I USED to think that the best way to defend our first justice minister Kevin O'Higgins was simply to recite the Fine Gael version of his career, just as the Taoiseach did last week when unveiling a plaque in his honour.
And for all its limitations, this version can still make the pulse quicken.
Where outside the annals of Republican Rome would you find a figure like him?
He was the war minister who gave the last full measure of devotion to the infant Free State; Ireland's version of America's Edwin Stanton even, the wheezing Methodist who put iron into Lincoln's prosecution of the Confederate rebellion.
Garret FitzGerald said he thought about O'Higgins all the time as Taoiseach, and about how much he must have suffered when battling against the inevitable conclusion that nothing short of a firing squad would take his best man Rory O'Connor off the field.
Garret adored his father Desmond, of course, the foreign minister who flanked O'Higgins at the cabinet table where O'Connor's doom was ratified -- and to that extent, his emphasis on selfless nobility is understandable.
I loved that version when I was younger, seeing in the foundation of the Free State a dash of Lincoln's Gettysburg Address, the immortal speech that spoke of national life after individual death.
But as I got older, I saw that this version of O'Higgins' career actually diminishes him.
O'Higgins would probably have been baffled if someone told him that his insistence on breaking the anti-Treaty IRA through executions was "noble".
For all the mental stress occasioned by the cabinet's use of Bolshevik tactics against their former comrades, neither Cosgrave, O'Higgins, Blythe or FitzGerald ever regretted their decision.
For me, it's that very coldness in wielding the knife that makes them worth thinking about today. O'Higgins was a Victorian figure in his attitude towards violence.
Faced with an enemy like O'Connor, someone who regarded TDs, judges and even journalists as legitimate targets, the Victorian instincts of the Free State cabinet clicked into gear.
This instinct was given immortal form by James Anthony Froude in his study of 18th-Century Ireland, when he insisted briskly that "no government deserves to exist which permits those who have defied its authority to suffer no worse consequence than disappointment, and to remain with unimpaired means to renew the struggle at another opportunity".
That's as good a summary as we have of why the Free State cabinet sent 77 young men to their immortal reward rather than surrender to the anti-Treaty IRA.
Some scholars today think that O'Higgins over-reacted in 1922 and that the execution policy voided an embryonic compromise that was looming into view.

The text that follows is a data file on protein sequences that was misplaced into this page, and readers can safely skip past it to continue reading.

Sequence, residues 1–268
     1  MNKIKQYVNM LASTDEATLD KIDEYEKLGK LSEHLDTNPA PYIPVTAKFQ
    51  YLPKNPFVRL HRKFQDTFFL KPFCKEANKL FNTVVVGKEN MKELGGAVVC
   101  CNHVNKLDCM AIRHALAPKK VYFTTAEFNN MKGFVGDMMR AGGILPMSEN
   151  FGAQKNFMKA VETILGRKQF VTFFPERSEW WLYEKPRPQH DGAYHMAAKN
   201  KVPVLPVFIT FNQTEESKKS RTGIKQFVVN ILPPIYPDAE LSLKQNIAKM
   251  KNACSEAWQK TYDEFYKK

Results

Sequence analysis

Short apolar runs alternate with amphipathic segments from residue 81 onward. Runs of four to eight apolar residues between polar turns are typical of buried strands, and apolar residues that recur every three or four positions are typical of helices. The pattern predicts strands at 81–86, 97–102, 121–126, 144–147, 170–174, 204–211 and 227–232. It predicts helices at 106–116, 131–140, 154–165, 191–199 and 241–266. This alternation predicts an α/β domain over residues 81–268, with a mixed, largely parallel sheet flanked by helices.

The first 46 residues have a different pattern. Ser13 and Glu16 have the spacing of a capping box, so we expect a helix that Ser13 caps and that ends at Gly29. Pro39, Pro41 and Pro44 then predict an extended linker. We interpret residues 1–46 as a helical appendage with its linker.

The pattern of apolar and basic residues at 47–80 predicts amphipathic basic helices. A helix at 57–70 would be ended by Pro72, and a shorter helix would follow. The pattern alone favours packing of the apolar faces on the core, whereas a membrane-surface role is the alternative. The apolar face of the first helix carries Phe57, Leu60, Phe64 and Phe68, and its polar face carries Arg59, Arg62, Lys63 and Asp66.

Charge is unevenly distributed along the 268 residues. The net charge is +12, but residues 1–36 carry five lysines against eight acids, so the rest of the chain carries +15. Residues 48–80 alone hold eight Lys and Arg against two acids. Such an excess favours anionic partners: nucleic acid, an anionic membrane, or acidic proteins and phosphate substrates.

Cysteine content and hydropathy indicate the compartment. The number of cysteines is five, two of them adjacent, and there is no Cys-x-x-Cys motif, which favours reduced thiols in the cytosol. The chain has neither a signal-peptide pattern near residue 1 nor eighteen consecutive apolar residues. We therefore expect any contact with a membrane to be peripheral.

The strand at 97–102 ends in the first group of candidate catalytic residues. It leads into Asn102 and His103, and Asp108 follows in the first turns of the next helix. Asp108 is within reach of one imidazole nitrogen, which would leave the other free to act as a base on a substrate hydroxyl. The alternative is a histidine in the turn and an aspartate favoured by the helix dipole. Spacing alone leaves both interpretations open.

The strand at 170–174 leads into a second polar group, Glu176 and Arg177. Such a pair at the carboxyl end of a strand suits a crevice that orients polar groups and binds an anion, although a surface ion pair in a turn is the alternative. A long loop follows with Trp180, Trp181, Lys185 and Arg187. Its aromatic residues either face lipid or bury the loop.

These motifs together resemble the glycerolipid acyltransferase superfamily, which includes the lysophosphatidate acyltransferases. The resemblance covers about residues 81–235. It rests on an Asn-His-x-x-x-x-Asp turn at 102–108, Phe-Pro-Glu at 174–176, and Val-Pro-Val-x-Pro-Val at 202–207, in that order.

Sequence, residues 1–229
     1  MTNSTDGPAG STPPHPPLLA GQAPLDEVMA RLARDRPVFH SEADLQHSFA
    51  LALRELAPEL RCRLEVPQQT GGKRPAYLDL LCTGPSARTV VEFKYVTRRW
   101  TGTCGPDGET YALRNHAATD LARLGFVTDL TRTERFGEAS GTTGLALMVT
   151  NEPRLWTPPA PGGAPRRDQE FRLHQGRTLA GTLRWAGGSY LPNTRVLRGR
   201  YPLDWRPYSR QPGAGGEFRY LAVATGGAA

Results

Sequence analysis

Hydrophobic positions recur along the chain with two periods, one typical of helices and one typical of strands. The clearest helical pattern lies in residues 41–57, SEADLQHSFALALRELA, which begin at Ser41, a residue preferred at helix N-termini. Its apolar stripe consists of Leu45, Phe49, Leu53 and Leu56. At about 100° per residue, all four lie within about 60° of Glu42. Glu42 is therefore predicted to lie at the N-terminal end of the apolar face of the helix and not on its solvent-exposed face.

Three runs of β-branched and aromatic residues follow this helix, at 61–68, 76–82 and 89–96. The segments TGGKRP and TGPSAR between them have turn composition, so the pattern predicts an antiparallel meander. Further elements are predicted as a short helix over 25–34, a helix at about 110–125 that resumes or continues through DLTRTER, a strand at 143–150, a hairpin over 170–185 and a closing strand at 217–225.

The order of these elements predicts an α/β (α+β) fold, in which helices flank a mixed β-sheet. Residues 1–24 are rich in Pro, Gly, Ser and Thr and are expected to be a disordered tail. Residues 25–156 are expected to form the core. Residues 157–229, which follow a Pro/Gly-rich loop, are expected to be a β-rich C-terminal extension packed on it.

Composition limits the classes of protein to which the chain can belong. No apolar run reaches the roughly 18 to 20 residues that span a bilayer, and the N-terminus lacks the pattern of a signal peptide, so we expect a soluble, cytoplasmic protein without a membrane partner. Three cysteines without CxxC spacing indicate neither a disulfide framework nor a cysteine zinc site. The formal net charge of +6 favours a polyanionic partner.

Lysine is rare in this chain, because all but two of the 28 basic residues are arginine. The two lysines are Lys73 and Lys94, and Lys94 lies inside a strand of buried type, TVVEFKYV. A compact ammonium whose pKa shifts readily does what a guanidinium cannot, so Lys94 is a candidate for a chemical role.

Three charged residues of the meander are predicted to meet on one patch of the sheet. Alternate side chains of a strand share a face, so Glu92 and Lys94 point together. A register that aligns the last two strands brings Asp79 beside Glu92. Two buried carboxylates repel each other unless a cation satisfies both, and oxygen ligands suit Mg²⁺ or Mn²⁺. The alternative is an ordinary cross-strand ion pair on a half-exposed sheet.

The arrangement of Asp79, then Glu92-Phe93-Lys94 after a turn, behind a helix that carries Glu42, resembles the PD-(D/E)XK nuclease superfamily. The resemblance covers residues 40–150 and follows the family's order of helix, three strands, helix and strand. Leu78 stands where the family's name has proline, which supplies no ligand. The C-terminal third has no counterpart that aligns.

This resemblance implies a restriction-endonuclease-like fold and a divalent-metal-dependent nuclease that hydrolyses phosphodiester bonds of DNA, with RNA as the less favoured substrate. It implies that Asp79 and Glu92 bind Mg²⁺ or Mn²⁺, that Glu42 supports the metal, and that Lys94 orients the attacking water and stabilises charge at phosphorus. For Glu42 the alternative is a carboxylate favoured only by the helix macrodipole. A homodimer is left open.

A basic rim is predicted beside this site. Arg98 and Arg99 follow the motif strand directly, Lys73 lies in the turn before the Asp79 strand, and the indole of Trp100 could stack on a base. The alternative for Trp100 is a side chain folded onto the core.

It's true that Liam Lynch hinted at one point that he would accept the Treaty provided Cosgrave and O'Higgins submitted it to a constituent assembly.
O'Higgins declined this invitation to parlay on the perfectly sensible ground that he was already a member of a constituent assembly; it was called Dail Eireann and it had already accepted the Treaty.
Now, this kind of abrasiveness isn't really "noble" in the way Fine Gael people talk about it.
O'Higgins haunts us today because he is nothing less than the patron saint of political realists.
He hovers over the debate about Section 31 orders that banned Provisional IRA spokespersons from the RTE airwaves because these orders rested on an insight that O'Higgins himself pioneered -- namely, the recognition that even the most accomplished revolutionary vanguard has vulnerabilities that must be exploited.
I doubt the American diplomat George Kennan ever heard of O'Higgins, but his famous telegram to President Kennedy about Khrushchev's tantrums opened with a line straight from the Free State handbook.
"Don't act chummy with them," Kennan scolded. "Don't assume a community of aims with them which does not really exist; don't make fatuous gestures of good will."
This may sound mean to those weaned on the rhetoric of the peace process, but in warning us that people sometimes get hurt in politics has, at the very least, the advantage of treating us like adults. This is probably the biggest debt we owe O'Higgins.
In his insistence that violence is sometimes our only true protection against fanaticism, he is our greatest critic of the liberal dream of rational politics.
O'Higgins offers a melancholy reminder that our democracy had to be protected in its mother's womb by bayonets.
And once you grasp that, appeals to the better angels of our nature lose all their ancient lustre.